Galileo Galilei was one of the most influential scientists of the modern era. His discovery and development of telescopes and his study of the cosmos revolutionized scientific understanding of the day. But his discoveries and inferences were disliked by the dominant religious institutions of his time, for they challenged the Christian theocratic view of the Universe and its origins. As a result, Galileo was subject to threat, coercion, torture and ultimately confinement for a significant portion of his later life. In some ways these controversial aspects of Galileo’s life have overshadowed his brilliant scientific discoveries.
Dana Sobels’ book titled Galileo’s Daughter: A Drama of Science, Faith and Love makes accessible to the reader key facts about the life of Galileo. The primary source material for the book is the compendium of letters written by Sister Maria Celeste, the eldest of Galileo’s daughters. The reciprocal letters sent by Galileo to Celeste were lost or destroyed and hence the author faced the challenge of reconstructing a coherent dialogue on the basis of one person’s responses. But this challenge is overcome due largely to the brilliant articulation of ideas, views and facts by Sister Celeste. As Sobels alludes to in the book, Celeste was the most intimate of daughters and the one who inherited her father’s intellect and perceptiveness. Although the 120 odd letters written by Sister Celeste to her illustrious father is the primary source material, the book is far more than a collection of these personal exchanges. That is, the letters serve only as a backdrop to understanding the social, political, theological and scientific institutions of the time and helps place Galileo’s personal and professional struggles in context. The book is structured in such a way that excerpts from these letters are interspersed by author’s commentary and analysis of them. Some times, Sobel takes up a commonly understood/misunderstood fact or feeling and refines it so as to bring a nuanced understanding to the subject matter.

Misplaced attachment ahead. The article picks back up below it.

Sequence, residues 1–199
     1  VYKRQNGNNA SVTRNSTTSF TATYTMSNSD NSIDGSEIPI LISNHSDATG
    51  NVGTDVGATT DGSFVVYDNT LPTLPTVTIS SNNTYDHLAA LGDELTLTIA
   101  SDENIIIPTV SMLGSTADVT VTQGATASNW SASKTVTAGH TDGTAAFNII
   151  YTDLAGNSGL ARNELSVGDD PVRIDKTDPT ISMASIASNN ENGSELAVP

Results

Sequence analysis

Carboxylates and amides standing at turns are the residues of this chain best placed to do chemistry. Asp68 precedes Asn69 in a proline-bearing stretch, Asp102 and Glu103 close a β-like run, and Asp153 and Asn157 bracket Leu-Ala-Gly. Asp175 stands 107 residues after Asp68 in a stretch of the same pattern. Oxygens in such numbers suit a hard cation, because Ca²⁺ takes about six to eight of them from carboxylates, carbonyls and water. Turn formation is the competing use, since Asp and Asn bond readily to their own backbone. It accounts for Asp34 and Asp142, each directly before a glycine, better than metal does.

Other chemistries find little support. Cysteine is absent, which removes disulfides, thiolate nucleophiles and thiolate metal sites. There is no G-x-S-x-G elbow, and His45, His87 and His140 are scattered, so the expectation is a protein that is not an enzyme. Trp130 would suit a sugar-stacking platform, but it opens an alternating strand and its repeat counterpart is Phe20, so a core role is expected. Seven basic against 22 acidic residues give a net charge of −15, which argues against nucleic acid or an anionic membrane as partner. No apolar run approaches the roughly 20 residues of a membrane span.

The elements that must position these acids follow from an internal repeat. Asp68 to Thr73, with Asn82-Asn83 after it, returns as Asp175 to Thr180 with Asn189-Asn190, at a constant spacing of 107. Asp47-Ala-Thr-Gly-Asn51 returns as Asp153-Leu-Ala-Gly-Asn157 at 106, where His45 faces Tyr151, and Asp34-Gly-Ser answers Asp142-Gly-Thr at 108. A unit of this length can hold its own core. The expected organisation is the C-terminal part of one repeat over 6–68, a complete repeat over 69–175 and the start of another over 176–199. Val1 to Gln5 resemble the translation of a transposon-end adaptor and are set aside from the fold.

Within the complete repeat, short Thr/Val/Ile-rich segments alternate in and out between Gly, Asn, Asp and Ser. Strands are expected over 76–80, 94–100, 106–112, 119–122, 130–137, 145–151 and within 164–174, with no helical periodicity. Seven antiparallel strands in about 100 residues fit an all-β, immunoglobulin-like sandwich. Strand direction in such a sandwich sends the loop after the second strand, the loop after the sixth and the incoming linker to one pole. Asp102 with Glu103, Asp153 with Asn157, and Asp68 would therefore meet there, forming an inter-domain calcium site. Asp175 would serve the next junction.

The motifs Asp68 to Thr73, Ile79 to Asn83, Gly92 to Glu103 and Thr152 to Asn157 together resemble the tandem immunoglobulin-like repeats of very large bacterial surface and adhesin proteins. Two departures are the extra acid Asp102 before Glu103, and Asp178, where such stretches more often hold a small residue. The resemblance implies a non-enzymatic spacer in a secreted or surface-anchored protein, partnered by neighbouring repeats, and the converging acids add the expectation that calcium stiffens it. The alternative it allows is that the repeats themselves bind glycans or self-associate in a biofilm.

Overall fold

The book also deserves special appreciation for its unbiased appraisal of the Catholic Church’s antagonistic role in Galileo’s life. In the last century, several books have dealt with the personal and scientific life of Galileo; and they mostly tend to present the Catholic Church as a rigid, opportunistic and authoritarian body that tried to rule by force. For example, Mario Biagioli’s 1993 book titled Galileo, Courtier: The Practice of Science in the Culture of Absolutism and James Brodrick’s biography titled Galileo: The Man, His Work, His Misfortunes portray the Catholic Church in negative light. What is different in Sobel’s approach, is the lack of scathe and hostility of the religious establishment of the day. Instead, the author tries to place the events in their social, political and historical milieu. While this may come across as espousal of moral relativism on part of the author, she is only suggesting that the harsh treatment meted out to Galileo was not exceptional in the socio-political climate in which he lived. As Richard Neuhaus notes in his review of the book, contrary to being polemical about the actions of the Catholic Church, “Sobel, who is Jewish, is at pains to depict the complexity of seventeenth-century politics, religion, science, and art–all encompassed within vibrant Christian faith, and not least the vibrant faith of Galileo and his daughter, Sister Maria Celeste”. (Neuhaus, 2000, p.76)
The task of reconstructing circumstances on the basis of Sister Celeste’s letters is not without its drawbacks. For example, it is inevitable that a daughter’s view of her father’s temperament and personality is likely to be distorted and uncritical. So, one gets the impression that author Dava Sobel underplays Galileo’s personality characteristics, probably due to the limitations imposed by her sources. We can learn this by comparing with another popular biography of Galileo, namely ‘Galileo, A Life’ – written by James Reston and published in 1994. Contrastingly, here we find an alternative portrayal of Galileo’s personality, whereby the author suggests that the ordeals suffered by Galileo could have been mitigated had the latter showed tact and restraint. But despite shortcomings such as these, Sobel’s book succeeds in accurately depicting the conflict between the independent thinker and the religious authority. For example,